There are a few constants in any college town. Normally, the constants are a disproportionately large number of apartments, chain pharmacies, dollar stores and 24 hour gas stations selling questionable herbal remedies and iPhone accessories. Places like Main Street Tavern are just as ubiquitous and often find themselves becoming the lifeblood of the residents’ social lives. Hosting concerts, serving food and pouring a drink (or 12), the Tavern is a hotbed of activity in Montevallo, and The Alabamian decided to put its popular grub to the test.

A seat-yourself establishment, our party took one of the large tables in the back. We were promptly greeted by a cheerful waitress who took our orders quickly, with the air of one not flustered by big groups of diners. She effortlessly juggled nine separate checks, a commendable effort indeed.

The menu for the Tavern is an interesting mix of American bar food and Italian staples, with pastas, steaks and burgers sharing equal space on the menu. Also included are seafood options such as a blackened tilapia sandwich and a catfish platter.

I ordered the top sirloin with a side of macaroni and cheese. Ignoring the fact that the macaroni was actually rigatoni, the pasta was tasty but seemed lacking in something. Perhaps a grind of black pepper or a sharper cheese would have brought the dish up a notch, increasing interest across the tongue.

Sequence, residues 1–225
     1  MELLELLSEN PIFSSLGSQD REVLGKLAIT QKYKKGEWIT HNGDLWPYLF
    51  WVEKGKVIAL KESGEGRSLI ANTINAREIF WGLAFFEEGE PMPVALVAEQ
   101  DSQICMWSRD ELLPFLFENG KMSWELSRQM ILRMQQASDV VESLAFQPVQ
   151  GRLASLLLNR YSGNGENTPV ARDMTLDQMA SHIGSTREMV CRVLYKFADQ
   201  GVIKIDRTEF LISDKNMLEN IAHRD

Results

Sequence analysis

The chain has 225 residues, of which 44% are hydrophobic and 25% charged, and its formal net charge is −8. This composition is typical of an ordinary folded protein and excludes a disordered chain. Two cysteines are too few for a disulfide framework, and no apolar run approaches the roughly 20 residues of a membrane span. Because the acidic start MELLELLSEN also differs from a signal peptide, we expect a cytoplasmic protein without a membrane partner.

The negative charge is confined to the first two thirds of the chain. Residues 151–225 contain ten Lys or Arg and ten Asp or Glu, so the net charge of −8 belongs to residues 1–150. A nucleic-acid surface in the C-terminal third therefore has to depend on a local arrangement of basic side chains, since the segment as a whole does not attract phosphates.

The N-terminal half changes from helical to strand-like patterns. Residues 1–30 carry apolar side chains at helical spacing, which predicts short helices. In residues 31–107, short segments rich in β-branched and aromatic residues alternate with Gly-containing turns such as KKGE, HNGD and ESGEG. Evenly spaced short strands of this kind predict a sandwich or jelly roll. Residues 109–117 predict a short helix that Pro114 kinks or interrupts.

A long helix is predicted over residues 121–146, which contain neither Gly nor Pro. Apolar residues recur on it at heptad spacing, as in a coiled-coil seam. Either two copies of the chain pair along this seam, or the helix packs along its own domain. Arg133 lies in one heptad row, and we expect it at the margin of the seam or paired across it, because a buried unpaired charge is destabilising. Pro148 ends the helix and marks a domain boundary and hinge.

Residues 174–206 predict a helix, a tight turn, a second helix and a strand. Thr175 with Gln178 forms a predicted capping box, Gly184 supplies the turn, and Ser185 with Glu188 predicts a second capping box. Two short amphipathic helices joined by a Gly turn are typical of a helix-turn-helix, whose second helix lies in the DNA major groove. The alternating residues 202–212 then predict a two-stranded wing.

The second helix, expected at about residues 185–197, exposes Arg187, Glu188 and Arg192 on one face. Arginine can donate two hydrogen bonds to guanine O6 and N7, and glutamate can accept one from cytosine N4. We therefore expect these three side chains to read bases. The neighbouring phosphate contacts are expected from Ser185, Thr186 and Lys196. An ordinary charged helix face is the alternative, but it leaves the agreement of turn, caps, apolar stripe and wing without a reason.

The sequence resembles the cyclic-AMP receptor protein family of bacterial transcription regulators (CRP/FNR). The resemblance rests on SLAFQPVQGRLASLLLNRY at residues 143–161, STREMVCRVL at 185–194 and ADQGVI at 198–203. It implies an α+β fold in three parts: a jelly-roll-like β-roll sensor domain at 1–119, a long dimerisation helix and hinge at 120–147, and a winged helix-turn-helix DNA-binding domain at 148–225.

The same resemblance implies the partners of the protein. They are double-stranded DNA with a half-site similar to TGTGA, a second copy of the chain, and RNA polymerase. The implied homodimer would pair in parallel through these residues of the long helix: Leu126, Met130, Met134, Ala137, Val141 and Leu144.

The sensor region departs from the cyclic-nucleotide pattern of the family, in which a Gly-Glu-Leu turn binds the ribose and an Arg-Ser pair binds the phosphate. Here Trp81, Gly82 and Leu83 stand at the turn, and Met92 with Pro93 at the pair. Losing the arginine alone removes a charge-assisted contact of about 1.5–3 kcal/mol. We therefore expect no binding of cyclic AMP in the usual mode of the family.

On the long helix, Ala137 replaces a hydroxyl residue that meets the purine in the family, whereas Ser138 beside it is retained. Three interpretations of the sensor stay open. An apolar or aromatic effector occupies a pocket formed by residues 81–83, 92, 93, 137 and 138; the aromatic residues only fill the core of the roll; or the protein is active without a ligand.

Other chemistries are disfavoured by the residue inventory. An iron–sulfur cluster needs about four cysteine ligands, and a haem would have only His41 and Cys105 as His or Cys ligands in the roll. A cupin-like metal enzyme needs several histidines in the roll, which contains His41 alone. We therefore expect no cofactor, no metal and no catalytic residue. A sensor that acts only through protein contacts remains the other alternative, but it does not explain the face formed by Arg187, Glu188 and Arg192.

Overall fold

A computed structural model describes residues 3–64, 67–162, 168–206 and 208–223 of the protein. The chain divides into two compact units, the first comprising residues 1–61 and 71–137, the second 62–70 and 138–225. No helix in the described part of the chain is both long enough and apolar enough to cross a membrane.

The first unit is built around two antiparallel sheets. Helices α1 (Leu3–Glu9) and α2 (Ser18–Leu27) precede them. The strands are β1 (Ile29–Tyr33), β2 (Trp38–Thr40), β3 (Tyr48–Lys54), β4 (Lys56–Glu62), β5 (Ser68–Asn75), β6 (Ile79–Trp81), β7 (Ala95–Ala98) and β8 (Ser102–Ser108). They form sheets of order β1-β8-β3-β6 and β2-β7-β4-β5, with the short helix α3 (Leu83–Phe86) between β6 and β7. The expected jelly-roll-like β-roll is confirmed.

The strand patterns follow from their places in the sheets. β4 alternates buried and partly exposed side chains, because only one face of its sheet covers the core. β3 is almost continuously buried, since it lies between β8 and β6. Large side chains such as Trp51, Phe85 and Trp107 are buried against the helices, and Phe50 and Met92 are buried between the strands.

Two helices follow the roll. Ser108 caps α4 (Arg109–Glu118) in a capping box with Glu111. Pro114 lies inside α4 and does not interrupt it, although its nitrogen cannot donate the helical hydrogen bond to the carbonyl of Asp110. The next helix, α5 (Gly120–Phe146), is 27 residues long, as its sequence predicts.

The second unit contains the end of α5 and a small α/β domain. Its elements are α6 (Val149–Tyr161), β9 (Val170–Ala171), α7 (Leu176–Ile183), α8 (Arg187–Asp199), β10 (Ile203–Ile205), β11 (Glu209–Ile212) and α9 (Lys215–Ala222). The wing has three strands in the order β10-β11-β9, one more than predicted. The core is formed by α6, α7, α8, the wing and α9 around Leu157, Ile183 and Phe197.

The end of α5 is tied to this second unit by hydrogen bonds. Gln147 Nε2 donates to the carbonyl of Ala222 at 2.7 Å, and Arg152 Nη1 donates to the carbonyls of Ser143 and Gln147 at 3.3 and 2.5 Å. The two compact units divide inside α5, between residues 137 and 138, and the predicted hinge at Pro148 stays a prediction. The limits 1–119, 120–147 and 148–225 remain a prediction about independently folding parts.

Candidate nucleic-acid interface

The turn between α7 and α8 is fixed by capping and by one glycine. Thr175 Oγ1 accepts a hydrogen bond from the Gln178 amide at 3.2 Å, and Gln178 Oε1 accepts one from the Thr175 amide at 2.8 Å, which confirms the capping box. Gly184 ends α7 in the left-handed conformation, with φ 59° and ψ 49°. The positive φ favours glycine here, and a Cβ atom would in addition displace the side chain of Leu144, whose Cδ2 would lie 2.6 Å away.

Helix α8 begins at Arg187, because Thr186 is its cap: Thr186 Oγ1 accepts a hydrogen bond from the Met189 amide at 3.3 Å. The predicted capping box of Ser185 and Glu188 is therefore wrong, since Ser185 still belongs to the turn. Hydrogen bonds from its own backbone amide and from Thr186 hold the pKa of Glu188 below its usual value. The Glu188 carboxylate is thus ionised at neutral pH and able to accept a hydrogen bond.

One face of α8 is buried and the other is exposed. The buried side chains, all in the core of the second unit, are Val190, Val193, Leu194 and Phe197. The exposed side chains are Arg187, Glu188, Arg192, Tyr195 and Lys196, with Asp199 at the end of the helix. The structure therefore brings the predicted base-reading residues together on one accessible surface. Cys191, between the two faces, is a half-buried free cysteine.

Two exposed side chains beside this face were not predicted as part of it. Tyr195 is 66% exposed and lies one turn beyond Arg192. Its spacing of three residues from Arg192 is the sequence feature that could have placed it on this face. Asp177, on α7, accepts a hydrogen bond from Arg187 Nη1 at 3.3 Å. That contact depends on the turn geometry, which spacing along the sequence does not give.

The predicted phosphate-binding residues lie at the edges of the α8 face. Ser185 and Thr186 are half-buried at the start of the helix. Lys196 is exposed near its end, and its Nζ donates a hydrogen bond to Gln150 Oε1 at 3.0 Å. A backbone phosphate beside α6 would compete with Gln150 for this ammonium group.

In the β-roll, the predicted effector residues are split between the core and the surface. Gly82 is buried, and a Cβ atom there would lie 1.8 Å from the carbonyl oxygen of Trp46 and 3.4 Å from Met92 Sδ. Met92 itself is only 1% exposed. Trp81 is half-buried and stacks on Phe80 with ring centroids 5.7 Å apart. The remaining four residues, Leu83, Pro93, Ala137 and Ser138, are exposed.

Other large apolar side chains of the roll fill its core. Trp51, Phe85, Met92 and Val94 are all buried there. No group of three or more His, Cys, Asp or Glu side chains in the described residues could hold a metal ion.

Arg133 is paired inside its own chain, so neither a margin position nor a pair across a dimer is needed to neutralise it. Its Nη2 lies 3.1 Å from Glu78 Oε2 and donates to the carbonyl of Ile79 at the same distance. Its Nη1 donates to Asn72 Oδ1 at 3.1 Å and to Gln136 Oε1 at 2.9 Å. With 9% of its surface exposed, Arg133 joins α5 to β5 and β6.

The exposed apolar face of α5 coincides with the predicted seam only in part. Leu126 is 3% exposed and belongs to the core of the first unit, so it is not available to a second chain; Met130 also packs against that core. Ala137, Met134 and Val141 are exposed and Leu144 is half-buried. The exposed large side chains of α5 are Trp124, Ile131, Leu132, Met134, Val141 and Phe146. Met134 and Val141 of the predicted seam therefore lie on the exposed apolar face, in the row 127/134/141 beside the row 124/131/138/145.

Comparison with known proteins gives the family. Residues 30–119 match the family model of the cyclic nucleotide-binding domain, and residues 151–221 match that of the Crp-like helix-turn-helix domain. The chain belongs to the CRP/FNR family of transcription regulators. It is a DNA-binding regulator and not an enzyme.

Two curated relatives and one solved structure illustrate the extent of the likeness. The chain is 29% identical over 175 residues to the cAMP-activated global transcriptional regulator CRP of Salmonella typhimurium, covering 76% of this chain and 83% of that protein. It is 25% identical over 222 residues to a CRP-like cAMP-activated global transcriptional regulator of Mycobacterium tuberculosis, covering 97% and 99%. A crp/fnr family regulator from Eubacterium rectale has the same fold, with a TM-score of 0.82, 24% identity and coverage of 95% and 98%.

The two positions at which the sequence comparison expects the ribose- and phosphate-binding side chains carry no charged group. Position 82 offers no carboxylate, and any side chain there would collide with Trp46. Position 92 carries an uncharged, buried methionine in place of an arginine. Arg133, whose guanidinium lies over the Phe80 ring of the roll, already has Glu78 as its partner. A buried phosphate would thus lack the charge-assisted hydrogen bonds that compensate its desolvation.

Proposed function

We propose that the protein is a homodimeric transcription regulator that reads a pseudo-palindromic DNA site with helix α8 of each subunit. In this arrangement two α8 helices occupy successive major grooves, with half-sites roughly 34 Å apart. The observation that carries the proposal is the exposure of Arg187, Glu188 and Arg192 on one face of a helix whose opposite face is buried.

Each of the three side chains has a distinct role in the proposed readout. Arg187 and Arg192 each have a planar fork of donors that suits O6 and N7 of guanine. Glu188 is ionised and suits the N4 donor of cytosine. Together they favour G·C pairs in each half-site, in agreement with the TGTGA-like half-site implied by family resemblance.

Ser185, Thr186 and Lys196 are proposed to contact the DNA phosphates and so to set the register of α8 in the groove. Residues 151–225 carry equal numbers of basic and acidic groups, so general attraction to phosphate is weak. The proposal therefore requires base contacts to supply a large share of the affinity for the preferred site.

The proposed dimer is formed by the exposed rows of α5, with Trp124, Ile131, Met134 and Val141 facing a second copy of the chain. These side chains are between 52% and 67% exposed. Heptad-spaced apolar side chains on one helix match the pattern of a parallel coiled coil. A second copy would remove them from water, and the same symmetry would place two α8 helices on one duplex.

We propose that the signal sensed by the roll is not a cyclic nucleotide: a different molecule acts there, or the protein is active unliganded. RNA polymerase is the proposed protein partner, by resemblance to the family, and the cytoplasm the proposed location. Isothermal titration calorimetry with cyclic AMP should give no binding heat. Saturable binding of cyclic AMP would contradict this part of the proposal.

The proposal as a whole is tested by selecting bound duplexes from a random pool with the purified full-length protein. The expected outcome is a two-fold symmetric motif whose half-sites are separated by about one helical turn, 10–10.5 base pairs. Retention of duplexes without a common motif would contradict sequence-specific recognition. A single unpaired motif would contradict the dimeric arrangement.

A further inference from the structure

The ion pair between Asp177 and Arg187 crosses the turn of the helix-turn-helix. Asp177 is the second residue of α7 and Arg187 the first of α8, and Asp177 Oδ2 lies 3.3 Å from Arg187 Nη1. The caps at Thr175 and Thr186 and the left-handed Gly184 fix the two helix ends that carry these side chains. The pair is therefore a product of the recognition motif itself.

The sirloin, ordered medium rare, looked promising. Nicely seared and well trimmed of excess fat and gristle, I was eager to dig in. Upon doing so, however, I was greeted with a steak cooked on the raw side of rare. These things happen, but this was a fairly large error for any experienced chef.

Another issue was the saltiness of the food. My steak, while juicy, had the flavor of the meat completely overwhelmed by the salt. This was not localized to my plate; many of the other members of our party reported that their dishes were over-seasoned. Everyone who had eaten at the Tavern before claimed that this was an isolated incident.

A positive note was the J Lawley pasta, named for a UM professor. The dish consisted of rigatoni tossed with herbs, parmesan sauce and shrimp. The shrimp were nicely cooked and the sauce was rich, creamy and flavorful, with herbs and diced tomatoes bringing acidity and earthiness to the party. This wonderfully balanced dish was presented simply and without pretense, as is proper for Italian style cuisine.

J. Lawley Pasta-REED

A final concern that must be addressed is the price of the food. Many complain about how much the Tavern costs. Looking at restaurants such as Outback or Applebees, it turns out that the prices are comparable. Another thing to note is that the portions are positively massive, ensuring leftovers for all but the most insatiable of appetites.

The Tavern did not get popular by serving sub-par food. While the steak was disappointing and complaints abounded about the over-salting of the food, this seems to be an isolated incident; the high quality of the J Lawley pasta seems testament to that. This in mind, if you are looking for some stick-to-your-ribs fare that won’t break the bank, the Tavern could be for you.

The Alabamian gives this Main Street staple 3.5 out of 5 feathers.